Work begins on final tunnel for Jerusalem-Tel Aviv link

$1.9-billion project to begin operations at end of 2017 and carry passengers between Jerusalem and Tel Aviv in 28 minutes

Gavriel Fiske is a reporter at The Times of Israel

Workers at the opening ceremony of the tunnel along the route of the express train between Jerusalem and Tel Aviv, on October 6, 2014. (photo credit: Haim Zach/GPO/Flash90)
Workers at the opening ceremony of the tunnel along the route of the express train between Jerusalem and Tel Aviv, on October 6, 2014. (photo credit: Haim Zach/GPO/Flash90)

Prime Minister Benjamin Netanyahu and Transportation Minister Yisrael Katz attended the inauguration Monday morning of the construction of a massive railway tunnel, part of a planned Jerusalem-Tel Aviv high-speed rail.

The tunnel, the largest underground passageway planned for the project and the last to be constructed, is to run from the area of the Sha’ar Hagai intersection on Route 1 to the Mevasseret Zion area, a distance — as the crow flies — of some 14-15 kilometers, or 8.5-9.3 miles.

The ultimate goal of the project is to have high-speed rail from “Kiryat Shmona in the north to Eilat in the south” connecting the whole country, Netanyahu said at the ceremony, and added that “maybe, one day, these rails can connect to Jordan in the east, but that is still a far-off dream,” Channel 2 reported.

The transportation minister noted in his speech that it is planned to have the high-speed rail ultimately, via underground tunnel, end up “at the Kotel [Western Wall] and the Temple Mount.”

The new high-speed rail line between Tel Aviv and Jerusalem is to cost NIS 7 billion ($1.9 billion) and will carry passengers between Israel’s two largest cities in only 28 minutes, according to the Transportation Ministry. The project is expected to be completed at the end of 2017.

To accommodate the trains, the construction of a new underground multi-story terminus at the entrance to Jerusalem is underway. The station will be 80 meters deep and will also serve as an emergency, nuclear-proof bomb shelter for up to 2,000 people.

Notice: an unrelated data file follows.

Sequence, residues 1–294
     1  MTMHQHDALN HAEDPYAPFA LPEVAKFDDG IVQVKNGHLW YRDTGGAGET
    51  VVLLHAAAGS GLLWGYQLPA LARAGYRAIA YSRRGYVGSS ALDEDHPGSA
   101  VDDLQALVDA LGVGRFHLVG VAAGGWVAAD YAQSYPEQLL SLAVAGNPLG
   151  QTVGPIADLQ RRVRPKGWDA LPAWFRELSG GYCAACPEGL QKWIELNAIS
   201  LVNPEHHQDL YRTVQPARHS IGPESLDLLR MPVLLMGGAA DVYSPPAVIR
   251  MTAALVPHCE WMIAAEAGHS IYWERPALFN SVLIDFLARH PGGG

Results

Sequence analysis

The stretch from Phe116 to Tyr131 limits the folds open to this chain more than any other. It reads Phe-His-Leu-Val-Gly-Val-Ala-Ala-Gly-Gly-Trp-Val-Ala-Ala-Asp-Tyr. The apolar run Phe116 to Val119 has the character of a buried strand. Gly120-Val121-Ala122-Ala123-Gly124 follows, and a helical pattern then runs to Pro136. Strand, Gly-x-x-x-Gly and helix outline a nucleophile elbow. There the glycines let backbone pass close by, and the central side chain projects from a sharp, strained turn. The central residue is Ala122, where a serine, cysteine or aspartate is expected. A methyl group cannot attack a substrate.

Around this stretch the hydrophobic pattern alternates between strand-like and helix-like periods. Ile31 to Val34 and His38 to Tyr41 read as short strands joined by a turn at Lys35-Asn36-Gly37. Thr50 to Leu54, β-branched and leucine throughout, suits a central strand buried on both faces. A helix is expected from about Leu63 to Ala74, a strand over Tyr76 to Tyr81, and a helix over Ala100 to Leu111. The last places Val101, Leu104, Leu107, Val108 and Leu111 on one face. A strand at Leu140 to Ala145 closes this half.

The station will feature four 300-meter-long platforms, which commuters can reach via escalators, and 35-person elevators. It will eventually be part of the largest transportation hub in the country, stretching from the International Convention Center to the Central Bus Station. The terminal will include bus stops, the train station, two Jerusalem Light Rail stops, taxi stands, and more than 1,000 parking spots. Streets that currently pass through the area will be sunk below ground.

The high-speed train will pass by Modiin, Latrun, and Ben Gurion Airport, and will run four times an hour during rush hour.

The electric trains on the line will travel at 160 kilometers per hour. According to the Transportation Ministry, the project includes a number of impressive architectural feats. The 680 engineers working on the line are creating Israel’s longest and tallest viaducts, as well as a double tunnel more than 11 kilometers long.

Despite excitement over the project, it has not been without its share of controversy. Environmental groups tried to force the planners to build a tunnel under the Yitlah Stream instead of passing over it with a bridge. The Interior Ministry’s Planning Commission decided that the tunnel would hold up the project for at least two years, and ruled in favor of Israel Railways.

The line also crosses the Green Line twice, once near Latrun and once near Mevasseret Zion, inviting criticism from the Israeli left and pro-Palestinian groups internationally. A German company advising the project withdrew in the face of pressure from pro-Palestinian activists.

Cost overruns delayed the project as well. The initial estimate of NIS 3.8 billion soon rose by billions of shekels, requiring additional government investment in the line.

Lazar Berman contributed to this report.

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